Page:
Even if the combat is awesome, you can find such aspects in almost any action game. However, God of War sets itself apart by adding even more gratuitous, unapologetic mayhem to the already violent gameplay. When Kratos takes on certain enemies, a small symbol will appear over the foe’s head. This is your cue to press the appropriate button on the controller, which will trigger a short series of button commands that set off a few brutal attacks and fatal blows. While this may seem a little gimmicky at first, they can prove essential to taking down an enemy. Slashing a giant hydra on its neck is one thing, but sending a knife through its eye, ripping it out, and impaling its massive head through a jagged boat mast is something else entirely. And that’s only the first boss. Many of the lowly goons you’ll face require the same kind of killing techniques, some more challenging than others. While these unique attacks tend to break up the smooth flow of the combat, they are pretty damned awesome. You ever see a hero rip an enemy in half with nothing but his bare hands, or give someone a lobotomy the direct and hard way? How about a hero that stabs a foe straight through the mouth and does an improvised root canal?
Yeah, I didn’t think so.
That’s the thing about the main character of God of War; Kratos is not a hero. Sure, the guy is trying to stop one of the most famous and affluent cities to ever grace the Earth from being destroyed, but he’s not doing it out of the goodness of his heart. His motivation for taking on this job is purely in self-interest; the guy wants to be relieved of the guilt and memories of his bloody rampages of yesteryear. There are plenty of memorable scenes that show off his less-than-stellar personality; he’s not above sacrificing lives to progress through a level, sleeping off battle fatigue with lusty women (with non-censored breasts, no less), or simply belittling any cowards that get in his way. There is nothing pious, righteous or anything else redeemable about Kratos’ character, which makes him very likeable and far less of a stereotypical action hero than he could have been. Accordingly, Kratos is a lean, mean, killing machine. Even though his goal is to stop Ares, that won’t stop him from brutally murdering anything that moves, enemy or otherwise. That’s right, not only can you kill the mythical demons and monsters, but also you can slaughter all the innocent Athenians that are trying to escape from the city. It’s not just for emotional effect, either; killing innocent people will actually help recover your health. Though this may be a little unexpected (and downright offensive to some of you self-righteous gamers out there), it’s just one of many little details that help set the mood of an incredibly intense and brutal game.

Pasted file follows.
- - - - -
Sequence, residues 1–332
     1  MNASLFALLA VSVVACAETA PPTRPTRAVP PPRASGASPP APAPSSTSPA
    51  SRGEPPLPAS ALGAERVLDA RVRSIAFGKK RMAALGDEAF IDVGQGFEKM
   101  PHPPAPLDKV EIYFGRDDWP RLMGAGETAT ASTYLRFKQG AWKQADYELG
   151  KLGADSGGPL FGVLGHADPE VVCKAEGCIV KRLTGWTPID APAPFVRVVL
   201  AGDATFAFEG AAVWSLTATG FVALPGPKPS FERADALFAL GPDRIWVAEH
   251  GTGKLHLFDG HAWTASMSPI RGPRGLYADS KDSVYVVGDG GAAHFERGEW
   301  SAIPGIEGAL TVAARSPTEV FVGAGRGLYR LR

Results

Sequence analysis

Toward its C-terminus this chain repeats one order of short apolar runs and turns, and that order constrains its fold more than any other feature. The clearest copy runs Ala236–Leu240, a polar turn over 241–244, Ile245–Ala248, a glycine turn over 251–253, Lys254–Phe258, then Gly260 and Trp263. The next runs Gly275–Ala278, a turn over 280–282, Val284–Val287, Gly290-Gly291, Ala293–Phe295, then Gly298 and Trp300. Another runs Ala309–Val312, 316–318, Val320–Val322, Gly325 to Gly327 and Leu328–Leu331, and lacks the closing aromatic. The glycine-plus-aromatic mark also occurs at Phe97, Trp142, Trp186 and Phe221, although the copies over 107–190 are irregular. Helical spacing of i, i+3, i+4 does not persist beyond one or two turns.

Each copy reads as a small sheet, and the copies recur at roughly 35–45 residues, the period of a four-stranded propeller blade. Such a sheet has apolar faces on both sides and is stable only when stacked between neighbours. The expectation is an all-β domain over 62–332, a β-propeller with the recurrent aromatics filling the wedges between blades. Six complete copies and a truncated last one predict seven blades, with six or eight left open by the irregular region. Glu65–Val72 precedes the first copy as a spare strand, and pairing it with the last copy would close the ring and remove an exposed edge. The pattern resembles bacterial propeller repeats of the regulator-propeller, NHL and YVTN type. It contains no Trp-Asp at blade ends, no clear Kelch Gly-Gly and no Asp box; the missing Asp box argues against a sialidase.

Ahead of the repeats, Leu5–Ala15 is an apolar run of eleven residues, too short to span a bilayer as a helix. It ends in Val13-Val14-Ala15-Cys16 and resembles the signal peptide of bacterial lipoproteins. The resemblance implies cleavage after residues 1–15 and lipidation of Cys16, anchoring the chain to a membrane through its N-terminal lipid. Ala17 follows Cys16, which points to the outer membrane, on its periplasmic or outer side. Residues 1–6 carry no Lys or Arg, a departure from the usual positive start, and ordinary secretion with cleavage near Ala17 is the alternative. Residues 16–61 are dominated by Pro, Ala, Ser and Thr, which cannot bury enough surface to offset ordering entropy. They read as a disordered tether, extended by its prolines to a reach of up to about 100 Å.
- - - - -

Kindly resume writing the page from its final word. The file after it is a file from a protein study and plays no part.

However, the dark theme won’t be the only thing to grab your attention. The wonderful gameplay in God of War is complemented with one of the most visually engaging presentations ever seen on the PS2. The game starts off with Kratos lost on a shipwreck somewhere in the middle of a violent storm. You can almost feel the rain pounding on the wooden decks, the ropes swaying in the breeze, and platforms shuddering under the pressure of the waves. When you finally make it to Athens, you’ll be treated to a wide variety of houses, buildings, and other structures that are designed based on Greek architecture. You’ll get to jump from rooftop to rooftop, duck down incredibly ornate hallways and alcoves, and even desecrate random works of art. You can almost smell the smoke from all the burning buildings. Aside from the dramatic musical score, you can hear the dull roar of battle and the anguished screams of people being massacred. In the background of it all, the Godzilla-sized Ares will continue to stomp and crush anything in his way, so close and yet so far from your final confrontation with him. In the midst of all this chaos, Kratos looks amazing with his incredibly fluid movements, flowing attacks, and badass combat abilities that that send the battlefield awash in blood and gore. While some of you may not be able to handle seeing so much fake blood, you’ll be too awestruck by everything else to notice.
God of War is a great game. Some may scoff at it in favor of the likes of Devil May Cry 3 or Ninja Gaiden, but this game can hold its own as a must-have title for the PS2. It’s got everything you could possibly want in an action game; it’s got a refreshing and likeable anti-hero, fast-paced action that never lets up, and a presentation that few can easily rival. It may not have the most complicated gaming plots ever, but the game makes up for it with some insanely fun and engaging gameplay and a ridiculous amount of blood and gore to boot. Fans of action and brawler games, you need to pick this up. The same goes for anyone looking to add a stellar title to his or her PS2 game collection. Who says ancient history is a boring subject?
Community review by disco (May 29, 2006)
Disco is a San Francisco Bay Area native, whose gaming repertoire spans nearly three decades and hundreds of titles. He loves fighting games, traveling the world, learning new things, writing, photography, and tea. Not necessarily in that order.